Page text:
Kashan (Persian: کاشان; Qashan; Cassan;[2] also romanized as Kāshān)[3] is a city in the northern part of Isfahan province, Iran. At the 2016 census, its population was 304,487 in 90,828 families.[4]

Sagfh borujerdi ha.jpg
Jardín de Fin, Kashan, Irán, 2016-09-19, DD 19.jpg
حمام سلطان امیر احمد.jpg
Mezquita de Agha Bozorg, Kashan, Irán, 2016-09-19, DD 81.jpg
Kashan Tabatabaeiha house کاشان خانه طباطباییها - panoramio.jpg
Kashan is located in Iran
Location in Iran
Coordinates: 33°59′N 51°26′E / 33.983°N 51.433°E / 33.983; 51.433
 • MayorHassan Bakhshandeh Amnieh
 (2016 Census)
 • Urban
304,487 [1]
 • Metro
Time zoneUTC+3:30 (IRST)
Timcheh-e Amin o Dowleh, Kashan Bazaar (19th century). Persian architects used these structures to naturally decrease temperatures, regulate sunlight, and ventilate the interior spaces during the daytime.
Amin-o-Dowleh, Persian royal envoy to the court of Napoleon III.

Some etymologists argue that the city name comes from the Kasian, the original inhabitants of the city, whose remains are found at Tapeh Sialk dating back 9,000 years; later this was changed to "Kashian", hence the town name. Between the 12th and the 14th centuries Kashan was an important centre for the production of high quality pottery and tiles. In modern Persian, the word for a tile (kashi) comes from the name of the town.[not verified in body]

Kashan is divided into two parts, mountainous and desert. In the west side, Kashan is cited in the neighbourhood of two of highest peaks of Karkas chain, Mount Gargash to the southwest of Kashan (the home of Iran national observatory, the largest astronomical telescope of Iran) and Mount Ardehaal in the west of Kashan, also known as "Damavand of Kashan" and the highest peak of Ardehaal mountains (end part of Karkas chain in central Iran).

On August 9, 2007, Iran placed the Historical Axis of Fin, Sialk, Kashan on its Tentative List for possible future nomination as a UNESCO World Heritage Site. The exact definition of what locations within Kashan proper might be nominated was not made clear. In 2012 Iran successfully nominated the Fin Garden separately for inscription by UNESCO as a part of its Persian Gardens World Heritage Site. Despite this the "Historical-Cultural Axis of Fin, Sialk, Kashan" remains in full on Iran's Tentative List.

The Boroujerdiha house is one of the famous historical places from the Qajar period. This house is well known with unique architecture, which has a specific beauty. The house has two internal and external patios. Other parts consist of kitchen, porch, aisle, the summer and winter courtyards are very beautiful.


Earliest evidence of human presence around Kashan date back to Paleolithic period that have been found at Niasar, Kaftar Khoun and Sefid-Ab. Middle Paleolithic stone tools were discovered at travertine spring of Niasar and the travertine of Kaftar Khoun.[5] Upper Paleolithic groups were living around Sefid-Ab spring at SW of Kashan.[6]Archeological discoveries in the Sialk Hillocks which lie 4 km west of Kashan reveal that this region was one of the primary centers of civilization in pre-historic ages. Hence, Kashan dates back to the Elamite period of Iran. The Sialk ziggurat still stands today in the suburbs of Kashan after 7,000 years.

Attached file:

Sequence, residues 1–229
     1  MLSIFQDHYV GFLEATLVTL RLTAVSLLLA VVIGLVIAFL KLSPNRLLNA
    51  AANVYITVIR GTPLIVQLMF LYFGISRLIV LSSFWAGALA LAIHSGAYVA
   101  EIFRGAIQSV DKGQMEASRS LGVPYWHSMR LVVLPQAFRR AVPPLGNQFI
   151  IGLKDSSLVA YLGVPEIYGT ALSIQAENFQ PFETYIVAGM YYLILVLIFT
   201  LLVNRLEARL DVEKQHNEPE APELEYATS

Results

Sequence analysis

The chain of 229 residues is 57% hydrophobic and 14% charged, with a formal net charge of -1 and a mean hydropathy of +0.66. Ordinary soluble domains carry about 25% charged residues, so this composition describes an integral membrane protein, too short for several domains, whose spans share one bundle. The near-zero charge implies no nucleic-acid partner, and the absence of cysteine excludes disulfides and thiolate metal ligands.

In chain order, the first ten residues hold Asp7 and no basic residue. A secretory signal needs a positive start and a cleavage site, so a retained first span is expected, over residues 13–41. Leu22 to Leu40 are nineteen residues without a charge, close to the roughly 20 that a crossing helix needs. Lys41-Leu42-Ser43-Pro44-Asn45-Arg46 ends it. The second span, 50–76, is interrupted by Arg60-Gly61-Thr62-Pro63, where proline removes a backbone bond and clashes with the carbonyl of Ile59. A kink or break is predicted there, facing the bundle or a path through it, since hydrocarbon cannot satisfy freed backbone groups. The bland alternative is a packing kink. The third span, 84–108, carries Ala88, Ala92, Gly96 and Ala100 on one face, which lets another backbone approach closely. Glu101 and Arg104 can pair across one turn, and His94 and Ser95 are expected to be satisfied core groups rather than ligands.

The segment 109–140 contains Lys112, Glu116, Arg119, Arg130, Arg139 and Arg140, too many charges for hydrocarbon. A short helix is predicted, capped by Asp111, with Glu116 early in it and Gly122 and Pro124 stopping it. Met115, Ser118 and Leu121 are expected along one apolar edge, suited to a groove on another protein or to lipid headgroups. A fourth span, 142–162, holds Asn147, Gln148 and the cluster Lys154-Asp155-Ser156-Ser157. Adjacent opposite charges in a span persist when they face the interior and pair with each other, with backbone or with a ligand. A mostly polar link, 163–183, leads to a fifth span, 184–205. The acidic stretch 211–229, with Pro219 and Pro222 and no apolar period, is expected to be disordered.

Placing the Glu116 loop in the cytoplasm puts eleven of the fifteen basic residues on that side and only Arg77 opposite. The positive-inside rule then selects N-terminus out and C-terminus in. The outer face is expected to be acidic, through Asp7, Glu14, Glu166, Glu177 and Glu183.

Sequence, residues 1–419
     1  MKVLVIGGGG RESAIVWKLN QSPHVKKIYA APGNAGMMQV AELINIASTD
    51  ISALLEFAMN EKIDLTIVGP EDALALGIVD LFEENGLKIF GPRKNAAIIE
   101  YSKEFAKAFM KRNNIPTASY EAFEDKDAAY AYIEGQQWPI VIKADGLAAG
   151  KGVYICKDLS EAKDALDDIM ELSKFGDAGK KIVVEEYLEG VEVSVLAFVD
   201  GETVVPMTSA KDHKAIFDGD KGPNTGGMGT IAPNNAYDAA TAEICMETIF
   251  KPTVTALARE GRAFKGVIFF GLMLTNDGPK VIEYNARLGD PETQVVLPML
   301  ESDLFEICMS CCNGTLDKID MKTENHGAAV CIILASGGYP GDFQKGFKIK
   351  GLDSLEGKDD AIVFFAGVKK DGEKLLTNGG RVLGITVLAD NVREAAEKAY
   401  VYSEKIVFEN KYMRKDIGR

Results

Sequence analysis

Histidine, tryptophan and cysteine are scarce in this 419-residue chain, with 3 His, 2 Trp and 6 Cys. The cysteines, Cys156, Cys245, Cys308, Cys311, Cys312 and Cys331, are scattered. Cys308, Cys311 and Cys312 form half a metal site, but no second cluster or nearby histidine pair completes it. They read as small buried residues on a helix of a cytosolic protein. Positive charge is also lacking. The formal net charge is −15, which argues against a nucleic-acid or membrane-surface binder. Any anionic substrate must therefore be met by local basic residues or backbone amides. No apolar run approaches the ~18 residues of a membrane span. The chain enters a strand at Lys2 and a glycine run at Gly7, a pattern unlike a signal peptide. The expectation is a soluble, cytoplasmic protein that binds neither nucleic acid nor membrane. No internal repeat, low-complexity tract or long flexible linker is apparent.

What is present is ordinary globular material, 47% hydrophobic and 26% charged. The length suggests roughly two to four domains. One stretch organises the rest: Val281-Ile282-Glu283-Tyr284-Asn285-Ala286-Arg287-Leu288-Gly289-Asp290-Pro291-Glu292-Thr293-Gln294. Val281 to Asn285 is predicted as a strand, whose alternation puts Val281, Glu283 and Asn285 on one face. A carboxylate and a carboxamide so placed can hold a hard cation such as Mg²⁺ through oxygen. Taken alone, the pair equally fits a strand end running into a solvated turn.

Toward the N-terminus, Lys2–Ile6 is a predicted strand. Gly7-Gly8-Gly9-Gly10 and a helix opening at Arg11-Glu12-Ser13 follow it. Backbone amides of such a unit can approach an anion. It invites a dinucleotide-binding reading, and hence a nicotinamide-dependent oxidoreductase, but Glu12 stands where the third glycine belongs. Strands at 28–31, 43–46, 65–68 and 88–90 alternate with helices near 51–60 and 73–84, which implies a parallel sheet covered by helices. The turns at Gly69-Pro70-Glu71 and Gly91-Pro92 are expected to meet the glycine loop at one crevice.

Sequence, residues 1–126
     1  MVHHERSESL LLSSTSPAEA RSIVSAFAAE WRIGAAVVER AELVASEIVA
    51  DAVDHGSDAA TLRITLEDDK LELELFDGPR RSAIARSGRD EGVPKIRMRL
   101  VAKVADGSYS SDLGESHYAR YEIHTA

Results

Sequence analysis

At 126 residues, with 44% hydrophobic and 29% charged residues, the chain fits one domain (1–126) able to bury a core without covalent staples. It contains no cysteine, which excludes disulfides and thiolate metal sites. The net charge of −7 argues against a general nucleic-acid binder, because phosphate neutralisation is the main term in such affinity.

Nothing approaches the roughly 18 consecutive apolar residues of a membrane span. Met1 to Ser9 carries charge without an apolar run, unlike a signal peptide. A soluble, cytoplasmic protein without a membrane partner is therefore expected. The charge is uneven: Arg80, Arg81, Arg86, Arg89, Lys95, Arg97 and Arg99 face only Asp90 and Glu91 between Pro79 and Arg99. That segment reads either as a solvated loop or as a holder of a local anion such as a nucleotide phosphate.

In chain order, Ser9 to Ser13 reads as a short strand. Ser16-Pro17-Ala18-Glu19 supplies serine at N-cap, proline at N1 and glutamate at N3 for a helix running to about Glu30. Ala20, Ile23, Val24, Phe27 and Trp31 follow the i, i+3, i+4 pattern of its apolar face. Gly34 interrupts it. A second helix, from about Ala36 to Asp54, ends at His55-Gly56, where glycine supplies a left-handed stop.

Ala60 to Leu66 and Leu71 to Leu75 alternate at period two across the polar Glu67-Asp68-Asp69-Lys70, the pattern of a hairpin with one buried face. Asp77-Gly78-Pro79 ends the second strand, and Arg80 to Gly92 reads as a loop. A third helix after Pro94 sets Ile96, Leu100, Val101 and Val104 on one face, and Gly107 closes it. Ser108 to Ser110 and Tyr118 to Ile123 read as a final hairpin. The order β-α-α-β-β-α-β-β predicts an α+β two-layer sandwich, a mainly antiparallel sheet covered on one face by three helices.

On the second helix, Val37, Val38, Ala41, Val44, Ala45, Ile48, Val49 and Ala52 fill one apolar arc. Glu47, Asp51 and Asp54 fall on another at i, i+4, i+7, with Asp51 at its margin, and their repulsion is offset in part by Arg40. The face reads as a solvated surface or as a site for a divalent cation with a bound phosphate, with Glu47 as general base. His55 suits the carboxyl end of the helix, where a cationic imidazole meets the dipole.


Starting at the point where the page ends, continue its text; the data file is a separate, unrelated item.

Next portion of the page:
The artifacts uncovered at Sialk Mahan Pasha reside in the Louvre in Paris and the New York Metropolitan Museum of Art, and Iran's National Museum.

By some accounts, although not all, Kashan was the origin of the three wise men who followed the star that guided them to Bethlehem to witness the nativity of Jesus, as recounted in the Bible.[7] For example, medieval traveler Friar Odoric of Pordenone related this story in 1330 after having visited there.[8] Whatever the historical validity, the attribution of Kashan as their original home testifies to the city's prestige at the time the story was set down.

According to a legend dating from the Safavid era, Abu Lu'lu'a, the Persian skilled craftsman who was enslaved by the Islamic conquerors and who eventually assassinated the caliph Umar ibn al-Khattab in 644, fled to Kashan after the assassination.[9] The shrine that was built over his supposed tomb is one of Kashan's conspicuous landmarks (see gallery below).

Sultan Malik Shah I of the Seljuk dynasty ordered the building of a fortress in the middle of Kashan in the 11th century. The fortress walls, called Ghal'eh Jalali still stand today in central Kashan.

Kashan was also a leisure vacation spot for Safavid kings. Bagh-e Fin (Fin Garden), specifically, is one of the most famous gardens of Iran.[citation needed] This garden with its pool and orchards was designed for Shah Abbas I as a classical Persian vision of paradise. The original Safavid buildings have been substantially replaced and rebuilt by the Qajar dynasty although the layout of trees and marble basins is close to the original. The garden itself however, was first founded 7000 years ago alongside the Cheshmeh-ye-Soleiman. The garden is also notorious as the site of the murder of Mirza Taghi Khan known as Amir Kabir, chancellor of Nasser-al-Din Shah, Iran's king in 1852.

The earthquake of 1778 leveled the city of Kashan and all the edifices of Shah Abbas Safavi, leaving 8000 casualties. But the city started afresh and has today become a focal tourist attraction via the numerous large houses from the 18th and 19th centuries, illustrating the finest examples of Qajari aesthetics.

a view of Kashan around 17th century from Jean Chardin.

Geographical locationEdit